Last week of the CrossFit Open means week 5 of our series, and brings us to CrossFit Open Training tips. In this post, I’m going to presume you’re in the 99.9% of all people who are not going to make it to the CrossFit Games this year. If you are one of those people, your focus over the past month has certainly been different, and we know that. However, for the everyday CrossFit athlete, our approach to training during this time is very important. Perhaps more important is what you can learn from your experience in the CrossFit Open.
Obviously, the CrossFit Open workouts are released once per week on Thursdays. For many CrossFitters out there, this means you will do the Open workout at a “Friday Night Lights” event, or perhaps on Saturday at your box. Many of you will also consider redoing them if you’re unhappy with your score, or simply want to try again to improve your score. This is all about constantly seeking improvement, after all. How you approach your CrossFit Open Training needs to reflect this.
No, I don’t mean “I want to go to the CrossFit Games!” This is a great goal – if you’ve been training for it. Genuinely take a look at yourself and say, “What do I want to accomplish this year?” Perhaps it is to do every single workout Rx’d for the first time ever. Maybe you want to get a PR or your first muscle up/handstand push up/pull up. This is really personal and definitely different for everyone. Check your ego here – making a goal that sounds good but you haven’t done the work for will only leave you frustrated when your expectations aren’t met.
Next, you need to decide is how many times you MAY do the workout. I capitalize may, because it’s possible you will change your mind after doing the workout. For example, in 18.2 last year, I knew I could go much faster on my burpees, so I decided I would redo on Sunday. This is important, because this affects how I train on Saturday leading into the redo. Given that I had already done 18.2 on Friday, I took Saturday to simply coach, move around a little bit, and then leave the box. There’s not a need to beat myself up between two attempts at that type of workout. However, unless you have a performance goal (outlined above) I recommend doing the workout once, giving it your all, and moving on to your next training day. We do not improve during competition, we improve during training and then the recovery after it.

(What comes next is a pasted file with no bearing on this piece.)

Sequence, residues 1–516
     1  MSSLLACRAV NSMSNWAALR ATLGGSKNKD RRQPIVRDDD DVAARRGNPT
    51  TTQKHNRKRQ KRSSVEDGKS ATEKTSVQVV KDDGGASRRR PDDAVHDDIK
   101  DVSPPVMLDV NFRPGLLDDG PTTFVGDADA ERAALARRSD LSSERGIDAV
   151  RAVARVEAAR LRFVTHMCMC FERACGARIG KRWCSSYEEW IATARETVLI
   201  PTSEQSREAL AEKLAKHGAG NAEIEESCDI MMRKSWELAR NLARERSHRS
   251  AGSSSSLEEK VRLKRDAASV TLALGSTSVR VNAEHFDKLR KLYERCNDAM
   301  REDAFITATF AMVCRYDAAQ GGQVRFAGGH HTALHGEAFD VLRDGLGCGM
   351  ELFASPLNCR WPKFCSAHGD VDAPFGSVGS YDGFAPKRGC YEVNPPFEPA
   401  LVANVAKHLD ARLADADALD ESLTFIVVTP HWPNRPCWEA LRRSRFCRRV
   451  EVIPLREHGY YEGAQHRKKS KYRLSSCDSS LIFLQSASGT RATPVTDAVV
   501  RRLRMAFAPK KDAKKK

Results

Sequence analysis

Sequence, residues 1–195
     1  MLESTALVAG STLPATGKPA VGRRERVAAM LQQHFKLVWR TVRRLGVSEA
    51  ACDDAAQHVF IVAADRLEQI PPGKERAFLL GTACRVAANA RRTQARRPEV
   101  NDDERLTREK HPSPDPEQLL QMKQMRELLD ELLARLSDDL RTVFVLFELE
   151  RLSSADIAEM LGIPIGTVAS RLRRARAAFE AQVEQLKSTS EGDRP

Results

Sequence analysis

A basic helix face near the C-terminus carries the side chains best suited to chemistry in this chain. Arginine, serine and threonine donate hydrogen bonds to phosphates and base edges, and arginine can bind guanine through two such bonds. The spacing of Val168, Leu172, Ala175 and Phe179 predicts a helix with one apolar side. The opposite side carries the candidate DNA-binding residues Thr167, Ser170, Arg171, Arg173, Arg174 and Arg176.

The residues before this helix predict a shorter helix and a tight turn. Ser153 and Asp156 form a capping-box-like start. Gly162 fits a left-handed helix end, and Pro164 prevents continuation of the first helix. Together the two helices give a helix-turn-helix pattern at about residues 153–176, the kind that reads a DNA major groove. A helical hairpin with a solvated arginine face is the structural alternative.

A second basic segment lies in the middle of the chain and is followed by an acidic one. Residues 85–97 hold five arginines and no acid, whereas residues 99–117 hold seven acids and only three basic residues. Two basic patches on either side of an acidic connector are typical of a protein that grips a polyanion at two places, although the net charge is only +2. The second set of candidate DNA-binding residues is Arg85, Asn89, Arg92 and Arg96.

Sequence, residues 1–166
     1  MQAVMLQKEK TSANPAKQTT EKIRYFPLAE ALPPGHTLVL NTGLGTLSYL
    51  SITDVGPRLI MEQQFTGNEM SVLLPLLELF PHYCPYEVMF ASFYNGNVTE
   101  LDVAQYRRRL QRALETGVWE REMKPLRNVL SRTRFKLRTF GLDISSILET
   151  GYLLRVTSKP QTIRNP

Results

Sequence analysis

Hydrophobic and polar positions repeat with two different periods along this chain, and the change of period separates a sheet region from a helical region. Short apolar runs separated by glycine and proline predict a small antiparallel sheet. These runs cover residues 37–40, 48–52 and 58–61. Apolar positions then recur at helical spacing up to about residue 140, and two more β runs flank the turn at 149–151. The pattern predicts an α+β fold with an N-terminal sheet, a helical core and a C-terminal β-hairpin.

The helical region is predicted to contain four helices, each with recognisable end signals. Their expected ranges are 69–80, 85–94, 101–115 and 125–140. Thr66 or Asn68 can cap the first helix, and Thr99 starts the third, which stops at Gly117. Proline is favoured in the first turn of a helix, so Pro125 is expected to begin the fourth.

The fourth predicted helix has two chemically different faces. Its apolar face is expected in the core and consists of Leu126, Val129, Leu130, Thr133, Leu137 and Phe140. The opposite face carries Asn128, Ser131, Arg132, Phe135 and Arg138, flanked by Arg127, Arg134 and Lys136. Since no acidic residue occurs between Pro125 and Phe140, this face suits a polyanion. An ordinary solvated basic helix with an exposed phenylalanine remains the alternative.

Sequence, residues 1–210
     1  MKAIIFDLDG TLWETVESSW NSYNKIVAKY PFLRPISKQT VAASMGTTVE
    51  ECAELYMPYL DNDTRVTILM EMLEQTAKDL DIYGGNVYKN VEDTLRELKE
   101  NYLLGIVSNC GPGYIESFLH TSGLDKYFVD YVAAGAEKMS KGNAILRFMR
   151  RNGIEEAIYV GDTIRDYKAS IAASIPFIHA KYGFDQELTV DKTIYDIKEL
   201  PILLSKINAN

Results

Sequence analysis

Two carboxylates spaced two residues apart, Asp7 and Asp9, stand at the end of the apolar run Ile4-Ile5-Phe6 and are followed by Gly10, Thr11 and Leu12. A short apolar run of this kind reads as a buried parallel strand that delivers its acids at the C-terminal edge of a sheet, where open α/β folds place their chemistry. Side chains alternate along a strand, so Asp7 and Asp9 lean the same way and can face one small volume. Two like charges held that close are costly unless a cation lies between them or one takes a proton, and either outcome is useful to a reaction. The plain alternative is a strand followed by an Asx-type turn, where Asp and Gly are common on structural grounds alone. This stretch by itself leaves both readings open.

Leading into the Open workout, Thursday needs to be a lighter day than Monday. On Monday, you can go heavy. Get after moving some big weights. It’s ok if you’re sore for a couple of days, because you won’t be hitting another CrossFit Open WOD until the end of the week. At our box, we’ve been making Monday and Tuesday hard, Wednesday moderate, and Thursday an optional flush day. It's programmed in a way that you can either move easy and have an active recovery day before our Friday Night Lights event - or you can go really hard and get an extremely challenging workout in.
Perhaps even more important than how you perform in this year’s CrossFit Open is what you take away from the experience. What did you learn? What didn’t happen that you were hoping would? Were your goals aligned with your expectations, and were they realistic? Maybe you learned you actually have a huge weakness when it comes to moving heavy weight (looking at myself here), or maybe you aren’t as good at gymnastics as you wished you were. Perhaps double unders are the bane of your existence.
Whatever you struggled with in the 2018 CrossFit Open, get ready to crush it next year. Each year, we know Dave Castro and the CrossFit HQ team are going to challenge us with different workouts, but many of the movements stay the same. If you don’t have muscle ups, and you want to be able to do muscle ups in 2020, your CrossFit Open training strategies need to reflect this. Whatever hole you had exposed over the past five weeks, attack it like never before. Make your handstand pushups so good you aren’t worried about having 50 strict to do while tired. Make bar facing burpees your new go-to-movement. Maybe you need to improve your nutrition to improve your performance. Make that your target. Having targets in training is great. They keep you motivated and moving forward as an athlete.
Whatever you do, don’t waste the lessons learned from this experience. Sit down, write what you learned, and own your goals going forward. Who knows, maybe next year you’ll be in that 0.1% of people who move on. It isn’t impossible, or no one would be doing it.